Ireland v Pakistan, Group D, Jamaica March 17, 2007

Pakistan sent home by bold Ireland

Ireland 133 for 7 (N O'Brien 72, K O'Brien 16*) beat Pakistan 132 (Akmal 27, Rankin 3-32) by three wickets
Scorecard and ball-by-ball details



Boyd Rankin's three wickets cut through Pakistan's vaunted lineup © AFP

A magnificent performance from Ireland, and an innings of real class from their wicketkeeper, Niall O'Brien, sent Pakistan crashing out of the World Cup. Barring the unlikely prospect of Zimbabwe producing a major upset of their own, Ireland, in their first World Cup, are through to the Super Eights. What a St Patrick's Day it has been.

Chasing 133 on a difficult pitch, with conditions assisting Pakistan's bowlers, O'Brien led Ireland's response with a superb fifty which appeared to be easing his side home until a rain break, and Duckworth-Lewis, altered the required total - and his momentum.

On the resumption O'Brien attacked, crashing Iftikhar Anjum for a sumptuous cover drive and, shortly afterwards, smacking Shoaib Malik over his head for a huge, authoritative six, seemingly dampening Pakistan's hopes. But his resolve weakened when he attempted a repeat shot and was smartly stumped, cueing an Ireland collapse of 3 for 5 in seven balls to really lift Pakistan. The gloom persisted and, with the ever-present threat of rain in the air, Pakistan were never out of the game.

Out went one O'Brien, in came another: Niall's brother, Kevin, who showed the same dogged tenacity as his sibling, nudging a determined 16 to record Ireland's first win in a World Cup, and the biggest upset in years. Pakistan trudged off in the gloom, airport-bound, despondent and shell-shocked. Losing to West Indies was regrettable enough, but to Ireland? The repercussions could be messy.

O'Brien's innings began with a relative flurry of boundaries - off an angry Mohammad Sami and a rather more placid Umar Gul - before dropping anchor, absorbing the pressure and deadening Pakistan's potency. He came to the crease after Sami had removed Jeremy Bray - Ireland's hero in their memorable tie against Zimbabwe two days ago - and a nervous Eoin Morgan, both trapped in front. Batting was not easy.

Sami was hostile but O'Brien's resolve, not to mention ability, was up to the task - as was William Porterfield. A natural aggressor, he slunk into cautious defence - the situation required as such - before Mohammad Hafeez's clever arm-ball induced a thick inside edge. 62 for 3 then became 70 for 4 owing to a worryingly poor error in judgement from the umpire Brian Jerling when he gave Andre Botha out, caught by Hafeez at short-leg when he quite clearly hadn't touched it. The batsman's horror was matched only by Hafeez's surprise.

If the bowling was under par, it was the performance of their batsmen which really cost them the match. Reckless against West Indies in their opening match, today they struggled against the moving ball on a seamer-friendly surface. True, Ireland won a good toss; yes, the pitch was made for Ireland's wobblers. But Pakistan's much vaunted lineup were complacent, impatient and inexcusably careless. Dave Langford-Smith got the ball rolling with an early wicket, but it was Boyd Rankin - the tournament's tallest bowler at 6 foot 7 - who really caused problems, gaining steepling bounce and accounting for Younis Khan, Pakistan's pivotal No.3.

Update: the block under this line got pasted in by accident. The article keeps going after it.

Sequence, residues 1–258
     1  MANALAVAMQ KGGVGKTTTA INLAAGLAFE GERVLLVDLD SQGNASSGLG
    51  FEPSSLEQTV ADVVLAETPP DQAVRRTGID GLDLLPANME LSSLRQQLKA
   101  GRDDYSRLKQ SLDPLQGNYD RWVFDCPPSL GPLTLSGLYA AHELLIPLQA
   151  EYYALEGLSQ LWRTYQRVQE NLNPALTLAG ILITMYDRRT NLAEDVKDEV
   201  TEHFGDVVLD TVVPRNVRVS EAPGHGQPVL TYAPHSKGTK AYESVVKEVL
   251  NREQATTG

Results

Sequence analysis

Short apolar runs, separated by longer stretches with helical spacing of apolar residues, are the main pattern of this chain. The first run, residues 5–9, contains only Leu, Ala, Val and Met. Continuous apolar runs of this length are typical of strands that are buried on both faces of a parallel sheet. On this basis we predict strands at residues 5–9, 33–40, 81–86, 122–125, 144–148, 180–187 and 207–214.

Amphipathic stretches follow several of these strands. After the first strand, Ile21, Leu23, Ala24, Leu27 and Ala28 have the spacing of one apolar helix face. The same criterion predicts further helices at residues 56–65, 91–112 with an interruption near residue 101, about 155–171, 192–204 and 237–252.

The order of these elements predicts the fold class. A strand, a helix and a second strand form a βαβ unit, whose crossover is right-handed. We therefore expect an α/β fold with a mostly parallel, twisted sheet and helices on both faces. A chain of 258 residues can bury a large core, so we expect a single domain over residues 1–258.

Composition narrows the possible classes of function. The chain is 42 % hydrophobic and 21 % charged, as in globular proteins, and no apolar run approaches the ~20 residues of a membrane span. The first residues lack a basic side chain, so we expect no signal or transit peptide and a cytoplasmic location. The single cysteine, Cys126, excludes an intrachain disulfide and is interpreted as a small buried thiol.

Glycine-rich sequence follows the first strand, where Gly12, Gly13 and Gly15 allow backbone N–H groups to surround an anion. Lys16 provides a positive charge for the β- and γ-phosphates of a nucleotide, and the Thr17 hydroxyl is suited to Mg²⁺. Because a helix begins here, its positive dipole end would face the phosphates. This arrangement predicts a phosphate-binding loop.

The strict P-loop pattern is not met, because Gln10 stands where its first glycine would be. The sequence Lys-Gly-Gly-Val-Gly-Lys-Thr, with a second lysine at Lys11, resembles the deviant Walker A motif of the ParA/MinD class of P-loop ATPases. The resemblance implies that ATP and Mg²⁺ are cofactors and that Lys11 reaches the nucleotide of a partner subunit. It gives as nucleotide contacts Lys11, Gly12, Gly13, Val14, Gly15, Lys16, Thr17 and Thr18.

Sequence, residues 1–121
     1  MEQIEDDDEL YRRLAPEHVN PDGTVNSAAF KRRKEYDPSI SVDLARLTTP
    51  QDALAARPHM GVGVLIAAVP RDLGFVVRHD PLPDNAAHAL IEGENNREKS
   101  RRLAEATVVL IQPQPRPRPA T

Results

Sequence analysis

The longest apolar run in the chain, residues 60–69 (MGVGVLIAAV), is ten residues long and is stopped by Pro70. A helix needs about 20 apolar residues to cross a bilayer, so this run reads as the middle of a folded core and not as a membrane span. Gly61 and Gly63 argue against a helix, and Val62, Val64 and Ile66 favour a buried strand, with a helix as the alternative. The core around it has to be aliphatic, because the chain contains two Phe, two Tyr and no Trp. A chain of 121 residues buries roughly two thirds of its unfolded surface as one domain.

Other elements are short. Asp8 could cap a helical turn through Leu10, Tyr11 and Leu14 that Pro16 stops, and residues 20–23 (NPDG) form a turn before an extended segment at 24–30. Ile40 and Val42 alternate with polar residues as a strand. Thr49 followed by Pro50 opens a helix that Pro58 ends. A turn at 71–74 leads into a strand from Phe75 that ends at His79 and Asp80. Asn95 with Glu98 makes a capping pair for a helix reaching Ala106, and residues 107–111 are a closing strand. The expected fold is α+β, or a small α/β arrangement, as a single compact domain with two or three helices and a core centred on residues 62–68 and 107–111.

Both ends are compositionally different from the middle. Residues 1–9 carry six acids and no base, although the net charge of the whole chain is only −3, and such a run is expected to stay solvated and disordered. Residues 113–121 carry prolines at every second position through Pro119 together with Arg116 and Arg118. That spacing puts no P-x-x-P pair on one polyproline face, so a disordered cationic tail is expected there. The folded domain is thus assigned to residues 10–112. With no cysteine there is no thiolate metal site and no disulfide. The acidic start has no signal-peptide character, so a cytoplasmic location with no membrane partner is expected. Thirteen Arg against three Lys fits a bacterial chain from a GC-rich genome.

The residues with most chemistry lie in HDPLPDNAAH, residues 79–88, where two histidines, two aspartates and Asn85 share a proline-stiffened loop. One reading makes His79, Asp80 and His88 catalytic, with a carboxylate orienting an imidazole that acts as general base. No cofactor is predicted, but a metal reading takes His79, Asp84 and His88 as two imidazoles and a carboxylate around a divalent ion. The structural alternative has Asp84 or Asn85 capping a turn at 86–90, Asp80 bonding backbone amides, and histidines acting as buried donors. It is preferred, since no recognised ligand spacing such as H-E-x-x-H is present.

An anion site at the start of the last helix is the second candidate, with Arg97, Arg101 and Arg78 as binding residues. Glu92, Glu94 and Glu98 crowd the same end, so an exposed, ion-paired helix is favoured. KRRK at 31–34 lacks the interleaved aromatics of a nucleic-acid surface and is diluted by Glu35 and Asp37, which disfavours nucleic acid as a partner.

Niall O'Brien fell towards the end, but his brilliant 72 formed the basis of Ireland's chase © AFP

Imran Nazir was determined to counterattack and did so with Mohammad Yousuf in a steadying, calming partnership of 41 before Trent Johnston brought himself into the attack. Yet Yousuf, usually so nerveless, slapped him straight to backward point to leave Pakistan wobbling on 56 for 3. In came Inzamam-ul-Haq, the man who thrives (and often succeeds) in a crisis - but he too was troubled by the moving ball and edged Botha to Eoin Morgan's right who took a fine catch. Was the unthinkable happening?

Kamran Akmal was the only Pakistan batsman to show the necessary application - that alone tells a story - before he was caught, quite brilliantly, by Johnston diving (and winding himself in the process) at midwicket. With each wicket, Ireland's fielding intensity rose. They were dynamic and near faultless.

Labelled as minnows, underdogs, and chirpy hopefuls before the tournament begun, Ireland's performance here was as much a poke in the eye to the detractors who argue against Associates playing at this level. The Ireland coach, Adrian Birrell, said before today's game that all the pressure would be on Pakistan. It showed, too. With Bangladesh upsetting India, it was a day of banana skins.

Will Luke is editorial assistant of Cricinfo